A mild drama ensued in Abuja as the group of good governance protesters, under the leadership of maverick musician, Charles Oputa, popularly known as Charly Boy, led a protest to the Ministry of Foreign Affairs, on Monday, to demand well coordinated government action to ameliorate the plight of Nigerians allegedly sold as slaves in Libya.
The protest, which was peaceful, had the protesters bound in chains, handcuffs and sealed mouths to drive home their points theatrically.
Last week, Charly Boy led a protest to the Libyan Embassy to register the group’s displeasure over the alleged inhuman treatment of Nigerians by the Libyan authorities in the North African country.
Raphael Adebayo, the spokesman of the protesting group, urged the federal government to take urgent steps to ensure that the sale of Nigerians as slaves in Libya is brought to an end.
“Our message to the federal government today is very simple and clear that issuing press statement is not enough to give respite to the Nigerians who are suffering in Libya.
“Concocting and fabricating phone numbers is not enough to give respite to the Nigerians suffering in Libya.
“What we are demanding is that decisive and genuine actions are taken to repatriate Nigerians who are in Libya and give them a reason to want to be Nigerians. We hope that they are going to act on these demands of ours,” Adebayo said.
Top federal government officials in the Ministry including the Nigerian Charge D’Affaire to Libya, Ambassador Iliya Danladi Fachano, while receiving the protesters, said the government is already repatriating Nigerians who are detained in Libya. They also said that the federal government is currently having series of engagements at various levels to fashion out the best ways to also ensue the trend of illegal migration to Europe especially through Libya is stopped.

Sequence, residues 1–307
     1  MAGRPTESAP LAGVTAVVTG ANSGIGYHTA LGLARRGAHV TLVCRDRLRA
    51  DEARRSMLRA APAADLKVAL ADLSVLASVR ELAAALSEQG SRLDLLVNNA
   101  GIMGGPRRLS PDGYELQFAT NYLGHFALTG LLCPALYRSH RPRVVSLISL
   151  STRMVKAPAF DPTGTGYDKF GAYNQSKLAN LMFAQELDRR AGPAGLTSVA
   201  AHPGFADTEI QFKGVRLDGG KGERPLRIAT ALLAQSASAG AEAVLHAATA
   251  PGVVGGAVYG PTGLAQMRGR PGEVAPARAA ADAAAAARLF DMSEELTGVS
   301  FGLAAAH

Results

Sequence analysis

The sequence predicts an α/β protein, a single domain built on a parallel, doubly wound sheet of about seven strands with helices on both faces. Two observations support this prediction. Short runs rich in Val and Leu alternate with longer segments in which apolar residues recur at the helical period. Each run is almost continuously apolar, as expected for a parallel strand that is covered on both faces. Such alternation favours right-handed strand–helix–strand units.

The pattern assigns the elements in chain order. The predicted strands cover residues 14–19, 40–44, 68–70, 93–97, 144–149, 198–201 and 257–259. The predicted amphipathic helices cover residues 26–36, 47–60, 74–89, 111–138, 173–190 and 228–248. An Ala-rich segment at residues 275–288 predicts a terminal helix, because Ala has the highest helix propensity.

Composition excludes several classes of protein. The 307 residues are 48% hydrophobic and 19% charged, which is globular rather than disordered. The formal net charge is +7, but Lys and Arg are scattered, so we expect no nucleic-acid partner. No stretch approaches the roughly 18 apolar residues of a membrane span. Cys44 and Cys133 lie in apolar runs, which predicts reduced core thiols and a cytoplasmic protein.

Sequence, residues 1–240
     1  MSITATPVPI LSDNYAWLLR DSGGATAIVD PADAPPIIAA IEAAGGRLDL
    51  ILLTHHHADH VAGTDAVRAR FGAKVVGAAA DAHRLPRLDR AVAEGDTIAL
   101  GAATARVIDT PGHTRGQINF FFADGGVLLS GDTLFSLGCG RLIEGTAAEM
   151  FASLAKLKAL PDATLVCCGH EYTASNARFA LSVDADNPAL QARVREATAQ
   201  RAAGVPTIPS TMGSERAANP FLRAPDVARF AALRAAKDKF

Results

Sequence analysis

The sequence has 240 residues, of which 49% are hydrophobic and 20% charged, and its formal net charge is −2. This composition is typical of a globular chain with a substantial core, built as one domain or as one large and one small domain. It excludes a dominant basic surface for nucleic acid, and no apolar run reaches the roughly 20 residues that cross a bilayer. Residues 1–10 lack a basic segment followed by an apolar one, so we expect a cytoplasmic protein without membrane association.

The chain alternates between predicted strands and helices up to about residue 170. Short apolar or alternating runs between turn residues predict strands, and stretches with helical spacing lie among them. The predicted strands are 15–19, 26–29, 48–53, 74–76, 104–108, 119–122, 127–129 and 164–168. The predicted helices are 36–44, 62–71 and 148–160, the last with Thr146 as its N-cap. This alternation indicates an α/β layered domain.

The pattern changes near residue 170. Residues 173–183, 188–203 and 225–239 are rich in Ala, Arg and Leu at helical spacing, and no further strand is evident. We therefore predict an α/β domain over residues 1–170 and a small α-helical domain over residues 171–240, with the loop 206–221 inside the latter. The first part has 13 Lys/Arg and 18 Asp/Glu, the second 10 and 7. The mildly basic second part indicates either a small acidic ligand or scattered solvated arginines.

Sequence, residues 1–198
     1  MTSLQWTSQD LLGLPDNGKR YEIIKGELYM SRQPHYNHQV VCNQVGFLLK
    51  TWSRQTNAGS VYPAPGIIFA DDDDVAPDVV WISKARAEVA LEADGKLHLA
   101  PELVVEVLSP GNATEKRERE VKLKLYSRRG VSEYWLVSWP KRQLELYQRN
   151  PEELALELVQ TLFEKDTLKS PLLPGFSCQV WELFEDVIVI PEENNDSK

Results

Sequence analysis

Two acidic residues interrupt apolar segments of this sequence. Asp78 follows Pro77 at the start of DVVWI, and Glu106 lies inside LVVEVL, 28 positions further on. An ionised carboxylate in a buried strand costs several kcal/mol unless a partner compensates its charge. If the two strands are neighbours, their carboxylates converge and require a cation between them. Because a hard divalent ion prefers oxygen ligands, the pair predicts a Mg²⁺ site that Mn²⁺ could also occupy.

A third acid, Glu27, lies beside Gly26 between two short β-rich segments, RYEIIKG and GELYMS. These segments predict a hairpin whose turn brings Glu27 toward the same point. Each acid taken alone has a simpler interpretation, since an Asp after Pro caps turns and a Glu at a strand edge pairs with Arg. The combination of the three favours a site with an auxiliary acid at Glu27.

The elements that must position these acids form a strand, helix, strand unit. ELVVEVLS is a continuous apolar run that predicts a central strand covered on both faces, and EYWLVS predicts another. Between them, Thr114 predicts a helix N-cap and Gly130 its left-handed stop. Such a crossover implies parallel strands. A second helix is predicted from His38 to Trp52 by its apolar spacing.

Speaking on behalf of the government officials, Ambassador Fachano, said: “By rule as civil servants, we do not speak on what we do but let me tell you what the Nigerian embassy has been doing in Tripoli.
“The International Organisation for Migration (IOM) usually informs us of the detention camps where Nigerians are kept by the Libyan authorities who refer to them as illegal migrants.
“Upon the receipts of the IOM intelligence reports, we visit the detention camps to identify our people. After we properly identify them, we issue them emergency travel certificates and schedule a date for their flight home. The IOM finance the flights.
“We also forward the names of the returnees to Nigeria where officials of our consular department and the National Emergency Management Agency (NEMA) will expect to receive them for rehabilitation and resettlement upon their return to the country.
“So far, we have registered over 3,000 Nigerians in Libya and repatriated about 2,000 so far. On Tuesday 5th December, 2017, we are expecting a batch of 250 returnees by 7pm in Lagos.
“On the global level, migration is not an issue. It is only an issue when it is illegal. Illegal migration is like terrorism. Our duty is to protect both Nigerians that run afoul of the law and those that are legal migrants because we exist in Libya to serve the interest of all Nigerians.”
He added that “for those sold as slaves, we request for their freedom and take up cases against Nigerians in Libya who are found culpable in cases of alleged slave auction in Tripoli and other parts of Libya.”